Pentucket Profile

Hillard Welch

Chris Rosnick and Matt Chafe

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Hillard Welch or as he likes to be called, Hid was born in Cambridge, Massachusetts in 1925. He attended Yale University for about a year. In November of 1943, Hid made the biggest decision of his life. Hid joined the army to help fight in WWII. He would then learn very complicated tactics and advanced coding that helped the United States win the war.

When Hid first joined, he spent thirteen weeks in basic training. He was sent to Fort Devens in Massachusetts. He explained how brutal basic training could be. He talked about learning how to shoot a Howitzer. The Howitzer was an anti tank weapon or as he liked to call it a big gun on wheels. He also mentioned one of the training methods they used, which was called an infiltration course. This was when soldiers had to crawl for a mile under barbed wire. He made it very clear that no one could get up otherwise they would be shot. He also described formations in the army. There is a squad which has 9 people, a platoon which has 20 people and a company which has 100 people. He also learned a couple of things that he would stick by throughout his time in WWII.  He explained that a couple of the most important things he learned was, to pay attention, use the knowledge they give you, and if you have a plan stick with it. These would help Hid get through all the challenges that he would soon face once he was deployed. He would finish his thirteen weeks of basic training in March of 1944.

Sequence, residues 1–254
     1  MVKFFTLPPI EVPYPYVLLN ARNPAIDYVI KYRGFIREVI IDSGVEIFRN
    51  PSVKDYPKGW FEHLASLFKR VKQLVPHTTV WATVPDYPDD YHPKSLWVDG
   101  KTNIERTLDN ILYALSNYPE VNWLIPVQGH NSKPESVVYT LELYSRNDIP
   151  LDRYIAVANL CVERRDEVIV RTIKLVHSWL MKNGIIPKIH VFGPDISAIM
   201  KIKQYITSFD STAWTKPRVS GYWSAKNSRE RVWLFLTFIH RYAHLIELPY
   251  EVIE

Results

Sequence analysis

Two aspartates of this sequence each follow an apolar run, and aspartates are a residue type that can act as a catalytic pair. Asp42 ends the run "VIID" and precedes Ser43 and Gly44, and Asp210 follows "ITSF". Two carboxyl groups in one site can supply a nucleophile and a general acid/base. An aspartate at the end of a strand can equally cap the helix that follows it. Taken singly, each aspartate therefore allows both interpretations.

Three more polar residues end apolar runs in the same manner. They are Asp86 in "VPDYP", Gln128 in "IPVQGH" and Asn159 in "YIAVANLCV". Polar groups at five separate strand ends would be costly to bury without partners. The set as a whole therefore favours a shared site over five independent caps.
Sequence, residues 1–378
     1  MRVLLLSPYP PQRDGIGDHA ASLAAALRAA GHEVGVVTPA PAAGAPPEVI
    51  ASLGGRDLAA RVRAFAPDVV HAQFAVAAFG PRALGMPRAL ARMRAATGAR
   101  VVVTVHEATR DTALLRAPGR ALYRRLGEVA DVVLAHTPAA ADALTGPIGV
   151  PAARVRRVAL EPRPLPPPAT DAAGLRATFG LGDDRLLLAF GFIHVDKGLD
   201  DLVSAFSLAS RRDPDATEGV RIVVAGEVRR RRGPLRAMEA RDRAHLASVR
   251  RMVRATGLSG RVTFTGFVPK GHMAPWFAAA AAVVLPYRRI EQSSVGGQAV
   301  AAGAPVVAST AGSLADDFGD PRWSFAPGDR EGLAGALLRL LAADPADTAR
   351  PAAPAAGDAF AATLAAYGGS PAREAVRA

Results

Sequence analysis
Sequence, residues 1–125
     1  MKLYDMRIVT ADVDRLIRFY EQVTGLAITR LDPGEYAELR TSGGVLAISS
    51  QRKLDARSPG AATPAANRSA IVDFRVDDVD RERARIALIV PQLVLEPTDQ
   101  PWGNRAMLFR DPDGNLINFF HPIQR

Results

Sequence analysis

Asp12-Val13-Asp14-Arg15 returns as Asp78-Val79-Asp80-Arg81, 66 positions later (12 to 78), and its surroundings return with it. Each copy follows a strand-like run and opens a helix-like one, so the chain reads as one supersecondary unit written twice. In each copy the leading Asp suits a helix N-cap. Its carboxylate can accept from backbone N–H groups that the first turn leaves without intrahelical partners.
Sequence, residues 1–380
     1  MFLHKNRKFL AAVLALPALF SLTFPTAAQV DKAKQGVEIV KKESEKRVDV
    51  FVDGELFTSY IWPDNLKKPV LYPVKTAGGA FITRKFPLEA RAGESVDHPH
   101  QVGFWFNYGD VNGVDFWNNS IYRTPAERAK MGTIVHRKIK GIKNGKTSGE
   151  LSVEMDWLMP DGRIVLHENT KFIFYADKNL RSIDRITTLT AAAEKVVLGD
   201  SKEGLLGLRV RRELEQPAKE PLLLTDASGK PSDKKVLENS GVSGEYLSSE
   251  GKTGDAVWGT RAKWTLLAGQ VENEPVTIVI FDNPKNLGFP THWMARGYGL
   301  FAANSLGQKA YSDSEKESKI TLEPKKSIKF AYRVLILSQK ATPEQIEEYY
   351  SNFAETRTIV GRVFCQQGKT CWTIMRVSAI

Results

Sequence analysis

Hid was then sent to Fort Sill in Oklahoma for advanced training. There he met a supply truck driver. Hid chose to go that route to avoid being deployed to the front lines. He later transferred to communications school,  where he learned to type seventy two words per minute in morse code. He was then sent across the Atlantic on an unprotected troop ship called the USS Henderson to camp Pisanova, located in Italy. He was in a company called 3795 signal services. His responsibilities here involved manning the radios 24/7 and making sure everything was under proper control.He learned Italian very quickly  and he even trained Italian soldiers. The skills learned in communications school not only kept him off the frontlines but set him apart from the rest of his camp and, due to being the only type literate person, made him staff sergeant by default.

Hid had some interesting stories that happened to him while he was in Italy. He talked about how he witnessed two of his bases burning down because of the Heating system leaking. Hid also told us a story about the time he broke the chain of command by telling a colonel off after not getting his signature for a supply pick up. Luckily he knew the commanding officer quite well and was not reprimanded. Hid also had some dating experience while he was in the Army. He described how American soldiers were allowed to date the Italian women. But in order to be able to date these women, you had to go and meet her entire family at her house and have dinner with them. If the parents did not like you then you could not date their daughter. There was also a stigma common amongst Italians making American soldiers out to be savages, making the parents far more hesitant to accept one as their family. Although, Hid pushed through this stigma and finessed his way into many dates with beautiful Italian women.

He returned home from Italy in July 1946, amazingly on the same Ship that first took him across the Atlantic. It was far less terrifying this time because the threat of German submarines attacking were nonexistent, and he was quite familiar with the ship as well. Once he returned home, he then decided to finish his degree in business at Yale and he never re enlisted. Overall Hid was a very personable man. He learned a lot from his experiences in WWII and he still lives by some of the morals he learned today. Even though Hid never saw the front lines. He was a major part of helping America win the war.

 

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Hillard Welch